Political Animal


March 21, 2013 1:14 PM The Paul Broun Mainstream

By Ed Kilgore

Some of you may recall a post I did yesterday on the vast and nearly uniform pressure on Republican elected officials (particularly those involved in or vulnerable to primaries) to move incessantly to the Right in sharp contrast to Democrats, who more often than not welcome identification as a “moderate.” I used the field of Georgians considering a Senate run in 2014 as an example of this phenomenon.

Interestingly enough, late last night Politico’s Jake Sherman and John Bresnahan posted an article very specifically about Paul Broun’s effect on three House colleagues who are thinking about joining him in the 2014 Senate field:

The messy politics of the Republican primary for Georgia’s open Senate seat has steamrolled its way into the Capitol.
The unruly race is roiling the state’s House delegation and causing problems for the GOP leadership.
Rep. Paul Broun — the only announced candidate to replace retiring Republican Sen. Saxby Chambliss — is yanking much of the congressional delegation to the right and throwing their votes and the support of leadership into a daily flux.
The problem: There are four House Republicans interested in the Senate seat. But the Peach State delegation and GOP leaders say they have no idea what Broun is up to at any given time, causing agitation for the other three congressmen — Reps. Phil Gingrey, Jack Kingston and Tom Price.
It’s not that Broun is doing anything differently than he normally would, but now, it’s causing a ripple effect among his colleagues that wasn’t there before….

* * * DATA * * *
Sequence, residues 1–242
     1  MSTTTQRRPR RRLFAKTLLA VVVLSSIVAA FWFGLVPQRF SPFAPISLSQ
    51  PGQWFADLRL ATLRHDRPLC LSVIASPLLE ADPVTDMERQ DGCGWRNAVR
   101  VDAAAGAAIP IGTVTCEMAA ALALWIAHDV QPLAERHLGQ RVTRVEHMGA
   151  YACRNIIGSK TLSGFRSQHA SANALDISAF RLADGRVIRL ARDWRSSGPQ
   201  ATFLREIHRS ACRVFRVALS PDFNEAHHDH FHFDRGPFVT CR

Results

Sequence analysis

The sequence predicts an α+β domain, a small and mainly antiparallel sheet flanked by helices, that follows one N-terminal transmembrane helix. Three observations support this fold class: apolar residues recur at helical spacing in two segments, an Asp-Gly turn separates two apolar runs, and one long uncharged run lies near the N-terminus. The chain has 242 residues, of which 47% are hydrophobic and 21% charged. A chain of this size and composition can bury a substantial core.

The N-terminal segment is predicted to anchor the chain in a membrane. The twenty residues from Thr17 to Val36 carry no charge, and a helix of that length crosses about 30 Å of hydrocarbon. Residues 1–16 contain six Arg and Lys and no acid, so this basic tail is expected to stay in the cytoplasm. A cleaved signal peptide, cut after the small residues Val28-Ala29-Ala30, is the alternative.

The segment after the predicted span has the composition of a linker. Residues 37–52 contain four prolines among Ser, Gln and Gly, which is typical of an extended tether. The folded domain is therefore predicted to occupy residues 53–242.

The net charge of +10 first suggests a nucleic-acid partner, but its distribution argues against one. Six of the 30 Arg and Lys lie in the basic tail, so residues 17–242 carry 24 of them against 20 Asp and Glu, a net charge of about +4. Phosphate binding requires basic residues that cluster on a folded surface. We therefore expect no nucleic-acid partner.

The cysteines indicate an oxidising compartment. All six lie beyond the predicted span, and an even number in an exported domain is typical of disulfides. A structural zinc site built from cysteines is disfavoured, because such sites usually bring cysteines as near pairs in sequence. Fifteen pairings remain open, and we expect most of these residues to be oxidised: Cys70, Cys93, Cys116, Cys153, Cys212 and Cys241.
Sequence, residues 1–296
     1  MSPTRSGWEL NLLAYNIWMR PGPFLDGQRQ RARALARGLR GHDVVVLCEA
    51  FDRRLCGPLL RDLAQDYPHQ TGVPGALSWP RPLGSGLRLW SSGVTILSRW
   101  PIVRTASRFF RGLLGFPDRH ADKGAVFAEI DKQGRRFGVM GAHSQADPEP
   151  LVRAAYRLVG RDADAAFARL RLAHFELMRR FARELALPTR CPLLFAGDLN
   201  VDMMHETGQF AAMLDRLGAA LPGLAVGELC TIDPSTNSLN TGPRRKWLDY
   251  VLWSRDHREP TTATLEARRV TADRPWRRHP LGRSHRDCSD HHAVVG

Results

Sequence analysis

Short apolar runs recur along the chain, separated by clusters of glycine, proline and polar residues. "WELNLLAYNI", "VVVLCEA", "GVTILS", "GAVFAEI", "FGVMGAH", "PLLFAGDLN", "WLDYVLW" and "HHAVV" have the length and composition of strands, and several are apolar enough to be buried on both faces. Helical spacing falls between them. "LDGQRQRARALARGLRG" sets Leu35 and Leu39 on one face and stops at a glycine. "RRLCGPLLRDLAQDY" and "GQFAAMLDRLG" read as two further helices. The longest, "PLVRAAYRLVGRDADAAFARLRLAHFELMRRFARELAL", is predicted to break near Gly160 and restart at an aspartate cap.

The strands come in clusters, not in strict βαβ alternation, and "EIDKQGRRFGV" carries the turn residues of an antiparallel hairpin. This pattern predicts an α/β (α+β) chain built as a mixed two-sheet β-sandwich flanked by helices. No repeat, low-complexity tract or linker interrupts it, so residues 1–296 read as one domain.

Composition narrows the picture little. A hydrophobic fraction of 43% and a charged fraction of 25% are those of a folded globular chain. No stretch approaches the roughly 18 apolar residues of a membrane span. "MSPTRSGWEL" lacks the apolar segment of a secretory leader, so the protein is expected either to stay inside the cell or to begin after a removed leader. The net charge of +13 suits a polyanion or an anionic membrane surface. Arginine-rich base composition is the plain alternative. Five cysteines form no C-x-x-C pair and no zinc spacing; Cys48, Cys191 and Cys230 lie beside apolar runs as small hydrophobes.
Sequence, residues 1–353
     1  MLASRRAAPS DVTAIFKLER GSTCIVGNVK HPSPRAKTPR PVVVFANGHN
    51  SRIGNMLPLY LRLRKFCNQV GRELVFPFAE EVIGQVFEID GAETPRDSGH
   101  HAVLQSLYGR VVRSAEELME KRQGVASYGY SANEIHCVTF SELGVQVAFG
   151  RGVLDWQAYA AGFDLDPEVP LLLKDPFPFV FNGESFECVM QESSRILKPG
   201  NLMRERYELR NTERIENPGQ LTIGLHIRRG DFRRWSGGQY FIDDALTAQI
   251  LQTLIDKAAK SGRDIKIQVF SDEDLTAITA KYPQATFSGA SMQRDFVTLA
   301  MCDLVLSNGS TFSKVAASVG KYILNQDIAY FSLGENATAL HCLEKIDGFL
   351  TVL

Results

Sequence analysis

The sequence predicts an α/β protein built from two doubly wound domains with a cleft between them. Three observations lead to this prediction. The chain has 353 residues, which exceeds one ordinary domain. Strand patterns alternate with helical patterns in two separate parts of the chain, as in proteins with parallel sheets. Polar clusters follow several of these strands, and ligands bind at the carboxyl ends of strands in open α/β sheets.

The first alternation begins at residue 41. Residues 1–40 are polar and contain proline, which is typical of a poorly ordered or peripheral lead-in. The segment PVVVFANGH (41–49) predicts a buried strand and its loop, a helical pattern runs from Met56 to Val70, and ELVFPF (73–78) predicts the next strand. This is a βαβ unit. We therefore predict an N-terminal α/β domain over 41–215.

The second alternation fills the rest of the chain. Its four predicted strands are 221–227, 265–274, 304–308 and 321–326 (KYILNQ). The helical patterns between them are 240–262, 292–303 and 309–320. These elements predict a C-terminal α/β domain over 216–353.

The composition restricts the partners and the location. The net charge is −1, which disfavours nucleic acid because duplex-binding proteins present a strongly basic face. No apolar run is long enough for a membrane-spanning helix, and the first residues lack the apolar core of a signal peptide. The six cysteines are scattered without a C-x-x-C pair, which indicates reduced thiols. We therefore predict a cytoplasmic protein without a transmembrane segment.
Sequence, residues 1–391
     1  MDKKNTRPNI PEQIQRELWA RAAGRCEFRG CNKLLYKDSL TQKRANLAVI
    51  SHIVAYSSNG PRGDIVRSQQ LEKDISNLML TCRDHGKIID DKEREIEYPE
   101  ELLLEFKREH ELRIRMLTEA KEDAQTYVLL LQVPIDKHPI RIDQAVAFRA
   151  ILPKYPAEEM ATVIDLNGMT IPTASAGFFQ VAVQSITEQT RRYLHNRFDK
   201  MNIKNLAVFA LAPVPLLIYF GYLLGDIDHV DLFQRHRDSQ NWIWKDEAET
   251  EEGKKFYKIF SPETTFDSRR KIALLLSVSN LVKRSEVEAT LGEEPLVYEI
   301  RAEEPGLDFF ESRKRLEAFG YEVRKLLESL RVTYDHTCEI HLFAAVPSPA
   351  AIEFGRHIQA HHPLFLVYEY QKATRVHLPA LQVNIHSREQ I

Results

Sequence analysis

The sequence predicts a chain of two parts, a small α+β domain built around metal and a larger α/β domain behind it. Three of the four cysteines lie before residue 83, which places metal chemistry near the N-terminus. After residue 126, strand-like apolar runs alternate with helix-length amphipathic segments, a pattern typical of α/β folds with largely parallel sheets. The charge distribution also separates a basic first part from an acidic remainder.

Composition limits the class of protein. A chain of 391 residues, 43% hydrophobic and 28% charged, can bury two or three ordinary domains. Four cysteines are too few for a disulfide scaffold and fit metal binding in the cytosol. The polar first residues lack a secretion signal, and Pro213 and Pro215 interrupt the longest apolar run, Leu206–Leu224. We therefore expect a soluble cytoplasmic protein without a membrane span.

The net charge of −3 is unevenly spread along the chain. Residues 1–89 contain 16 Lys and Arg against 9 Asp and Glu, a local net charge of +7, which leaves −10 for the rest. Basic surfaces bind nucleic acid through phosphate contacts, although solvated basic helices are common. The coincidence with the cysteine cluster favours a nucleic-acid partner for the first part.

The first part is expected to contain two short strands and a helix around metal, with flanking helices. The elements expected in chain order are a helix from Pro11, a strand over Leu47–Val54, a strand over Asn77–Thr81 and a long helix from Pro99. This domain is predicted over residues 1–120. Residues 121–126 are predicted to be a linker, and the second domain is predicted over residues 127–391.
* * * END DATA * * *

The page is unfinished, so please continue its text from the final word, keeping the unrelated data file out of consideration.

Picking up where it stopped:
The rush to the right among the Georgians is all too clear. Gingrey is a 10-year veteran of the House, and Kingston has been in Washington for two decades, never causing their leadership much trouble. Now they find themselves as radicals, voting against things like procedural motions — an unpredictable move not welcomed by party leaders.
“Everybody can see what’s going on here,” a veteran GOP lawmaker said.

Yes indeedy, we can. While it’s almost impossible to be considered “too conservative” in today’s Republican Party (believe me, if it were possible, Paul Broun would be the poster boy for the Beyond the Pale crowd), it’s political death to be considered insufficiently conservative. So in a very real sense, Paul Broun now defines the mainstream of Republican ideology in his state, and this sort of thing is by no means confined to Georgia. So long as it persists, talk of “moving the GOP back to the center” is really a joke.

Ed Kilgore is a contributing writer to the Washington Monthly. He is managing editor for The Democratic Strategist and a senior fellow at the Progressive Policy Institute. Find him on Twitter: @ed_kilgore.


  • c u n d gulag on March 21, 2013 1:26 PM:

    Ready everyone, let's do, "The Right-Wing Limbo!"


  • Hoodie on March 21, 2013 1:33 PM:

    I've spent of good bit of time on the GA coast and , whenever I would see Kingston, I got the distinct impression he doesn't believe half the drivel he spouts. That was before he thought about running for the Senate.